Electrical malfunctions are one of the leading causes of home fires. Make sure that you hire a qualified electrician to make any changes in your home. In addition, be sure to check electrical cords regularly, and make sure cords do not run across doorways or under carpets where they could be damaged. Remember to limit the number of plugs you have in an electrical outlet or power strip. Overloading an electrical outlet can not only trip a breaker, but could also start a fire. Additionally, only use light bulbs that match the recommended wattage for each lamp. Your lamps and light fixtures should have a sticker that indicates the maximum wattage light bulb you may use.
Testing your smoke detector could save your life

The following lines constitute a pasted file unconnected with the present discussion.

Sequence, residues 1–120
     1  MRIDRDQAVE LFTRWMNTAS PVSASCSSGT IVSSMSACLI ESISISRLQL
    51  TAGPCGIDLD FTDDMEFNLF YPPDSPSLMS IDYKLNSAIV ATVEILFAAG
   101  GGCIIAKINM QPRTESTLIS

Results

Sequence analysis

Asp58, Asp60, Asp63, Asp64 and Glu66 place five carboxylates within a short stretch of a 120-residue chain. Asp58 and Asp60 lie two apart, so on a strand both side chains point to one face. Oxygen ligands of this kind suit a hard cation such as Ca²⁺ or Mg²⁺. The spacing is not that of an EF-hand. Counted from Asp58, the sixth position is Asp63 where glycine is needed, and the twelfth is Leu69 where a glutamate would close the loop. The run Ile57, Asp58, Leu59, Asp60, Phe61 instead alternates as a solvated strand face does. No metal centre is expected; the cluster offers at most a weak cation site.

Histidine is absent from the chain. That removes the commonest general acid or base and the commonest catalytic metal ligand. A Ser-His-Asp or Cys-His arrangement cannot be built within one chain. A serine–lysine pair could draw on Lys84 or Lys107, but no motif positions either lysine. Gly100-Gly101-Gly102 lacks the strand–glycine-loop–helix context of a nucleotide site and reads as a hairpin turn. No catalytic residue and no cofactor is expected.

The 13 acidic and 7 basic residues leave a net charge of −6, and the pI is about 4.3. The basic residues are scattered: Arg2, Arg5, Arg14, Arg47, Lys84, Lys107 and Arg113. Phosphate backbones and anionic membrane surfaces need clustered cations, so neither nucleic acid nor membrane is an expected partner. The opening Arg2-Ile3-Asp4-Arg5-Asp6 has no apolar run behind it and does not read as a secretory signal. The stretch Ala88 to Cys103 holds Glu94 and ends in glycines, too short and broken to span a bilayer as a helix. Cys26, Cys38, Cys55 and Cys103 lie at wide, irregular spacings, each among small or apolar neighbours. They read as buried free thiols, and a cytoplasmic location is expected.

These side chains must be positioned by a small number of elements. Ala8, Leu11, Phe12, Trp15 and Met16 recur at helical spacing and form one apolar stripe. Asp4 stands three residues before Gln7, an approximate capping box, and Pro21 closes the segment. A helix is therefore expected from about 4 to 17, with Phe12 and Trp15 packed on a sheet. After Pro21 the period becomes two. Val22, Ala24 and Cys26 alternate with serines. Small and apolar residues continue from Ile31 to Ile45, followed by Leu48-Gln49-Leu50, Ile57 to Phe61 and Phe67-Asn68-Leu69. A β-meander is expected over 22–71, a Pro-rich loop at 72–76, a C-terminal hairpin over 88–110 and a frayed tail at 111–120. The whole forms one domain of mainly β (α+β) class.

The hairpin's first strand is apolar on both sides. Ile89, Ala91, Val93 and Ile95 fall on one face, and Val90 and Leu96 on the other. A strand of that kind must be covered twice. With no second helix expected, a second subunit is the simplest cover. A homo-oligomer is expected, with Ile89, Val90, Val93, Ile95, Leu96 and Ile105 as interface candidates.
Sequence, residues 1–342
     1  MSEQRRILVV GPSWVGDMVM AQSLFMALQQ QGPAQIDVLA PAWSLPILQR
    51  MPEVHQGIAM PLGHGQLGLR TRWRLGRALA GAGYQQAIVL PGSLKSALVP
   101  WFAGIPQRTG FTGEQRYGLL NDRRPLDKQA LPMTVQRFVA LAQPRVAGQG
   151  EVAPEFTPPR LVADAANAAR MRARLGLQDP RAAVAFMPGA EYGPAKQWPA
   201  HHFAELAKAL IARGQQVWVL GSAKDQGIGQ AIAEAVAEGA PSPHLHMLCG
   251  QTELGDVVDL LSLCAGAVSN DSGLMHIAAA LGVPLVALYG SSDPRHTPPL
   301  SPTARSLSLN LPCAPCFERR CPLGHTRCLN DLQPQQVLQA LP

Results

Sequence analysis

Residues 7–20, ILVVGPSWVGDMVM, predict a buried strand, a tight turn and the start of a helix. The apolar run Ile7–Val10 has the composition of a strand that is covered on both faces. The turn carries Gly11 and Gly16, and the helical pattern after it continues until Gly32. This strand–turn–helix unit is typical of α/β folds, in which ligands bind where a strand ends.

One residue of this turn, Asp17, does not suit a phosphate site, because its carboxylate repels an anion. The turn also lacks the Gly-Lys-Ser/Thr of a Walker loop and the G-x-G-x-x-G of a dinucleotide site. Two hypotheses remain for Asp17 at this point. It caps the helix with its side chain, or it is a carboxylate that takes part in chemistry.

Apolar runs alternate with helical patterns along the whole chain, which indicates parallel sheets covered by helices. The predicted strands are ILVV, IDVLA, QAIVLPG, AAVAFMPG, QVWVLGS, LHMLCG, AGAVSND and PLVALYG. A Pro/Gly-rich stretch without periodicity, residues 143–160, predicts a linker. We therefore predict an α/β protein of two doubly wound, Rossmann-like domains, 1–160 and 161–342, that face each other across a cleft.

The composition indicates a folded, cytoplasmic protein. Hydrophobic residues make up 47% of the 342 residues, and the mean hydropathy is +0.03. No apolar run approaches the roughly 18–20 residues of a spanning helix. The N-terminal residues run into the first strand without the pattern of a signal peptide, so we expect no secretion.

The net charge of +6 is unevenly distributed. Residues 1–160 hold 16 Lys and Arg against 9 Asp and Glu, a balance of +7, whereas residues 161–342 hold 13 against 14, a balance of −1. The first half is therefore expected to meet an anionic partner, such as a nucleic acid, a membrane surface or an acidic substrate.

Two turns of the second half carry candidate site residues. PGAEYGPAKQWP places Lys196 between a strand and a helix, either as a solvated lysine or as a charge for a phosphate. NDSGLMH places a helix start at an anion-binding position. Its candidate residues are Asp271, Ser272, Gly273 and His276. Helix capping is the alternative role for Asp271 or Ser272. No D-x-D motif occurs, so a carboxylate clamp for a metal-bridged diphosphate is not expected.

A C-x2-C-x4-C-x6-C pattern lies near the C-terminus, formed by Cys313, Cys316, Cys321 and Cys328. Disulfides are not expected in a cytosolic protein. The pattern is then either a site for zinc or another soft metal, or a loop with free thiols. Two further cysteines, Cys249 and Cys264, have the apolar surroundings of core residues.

Every smoke alarm should be tested monthly by pushing the “test” button and batteries should be changed when needed. It is best to always have at least one spare battery. If your smoke alarm ever “chirps,” it is time to replace the battery immediately. Most smoke alarm failures occur because of a missing or disconnected battery or a dead battery.
Three of every five home fires resulted from non-working smoke detectors or no smoke detectors at all. Having the proper fire safety equipment in your home can truly save your life. There are many brands and types of smoke alarms you can choose from. When choosing the best smoke alarm, look for one that meets the Underwriters Laboratories Standard with the UL label on the packaging.
Where to install smoke detectors
It is recommended that every home has a smoke alarm on every floor, including the basement, and inside every sleeping room. Smoke alarms should be mounted high on a wall not more than a foot from the ceiling or on the ceiling. Remember, smoke rises.